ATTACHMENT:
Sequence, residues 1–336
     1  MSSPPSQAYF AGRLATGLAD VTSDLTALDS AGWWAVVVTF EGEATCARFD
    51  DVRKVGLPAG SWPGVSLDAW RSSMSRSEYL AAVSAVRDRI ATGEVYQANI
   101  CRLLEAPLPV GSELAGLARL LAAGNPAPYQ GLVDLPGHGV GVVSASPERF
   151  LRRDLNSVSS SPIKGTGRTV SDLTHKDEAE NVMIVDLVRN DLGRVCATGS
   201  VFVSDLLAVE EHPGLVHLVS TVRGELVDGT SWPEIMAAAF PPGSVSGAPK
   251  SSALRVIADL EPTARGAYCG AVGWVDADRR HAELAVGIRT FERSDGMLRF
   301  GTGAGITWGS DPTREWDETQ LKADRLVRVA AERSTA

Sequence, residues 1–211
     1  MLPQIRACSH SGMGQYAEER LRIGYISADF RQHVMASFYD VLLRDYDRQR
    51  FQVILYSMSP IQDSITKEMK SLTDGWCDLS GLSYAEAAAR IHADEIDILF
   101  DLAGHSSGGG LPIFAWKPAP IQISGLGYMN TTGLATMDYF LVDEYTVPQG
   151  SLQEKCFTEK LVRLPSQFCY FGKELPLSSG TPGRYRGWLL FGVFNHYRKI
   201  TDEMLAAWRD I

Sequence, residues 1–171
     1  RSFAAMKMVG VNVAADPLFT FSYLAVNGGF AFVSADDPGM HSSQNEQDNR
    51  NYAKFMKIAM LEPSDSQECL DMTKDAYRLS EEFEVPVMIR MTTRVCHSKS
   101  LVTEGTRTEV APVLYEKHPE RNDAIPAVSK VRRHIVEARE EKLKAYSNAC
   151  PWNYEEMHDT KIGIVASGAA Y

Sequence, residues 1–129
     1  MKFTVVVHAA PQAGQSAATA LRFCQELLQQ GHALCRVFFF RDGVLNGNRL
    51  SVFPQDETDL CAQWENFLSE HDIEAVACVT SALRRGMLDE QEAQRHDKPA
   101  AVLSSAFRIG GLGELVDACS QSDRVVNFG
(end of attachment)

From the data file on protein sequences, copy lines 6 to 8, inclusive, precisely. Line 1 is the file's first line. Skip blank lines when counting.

   201  VFVSDLLAVE EHPGLVHLVS TVRGELVDGT SWPEIMAAAF PPGSVSGAPK
   251  SSALRVIADL EPTARGAYCG AVGWVDADRR HAELAVGIRT FERSDGMLRF
   301  GTGAGITWGS DPTREWDETQ LKADRLVRVA AERSTA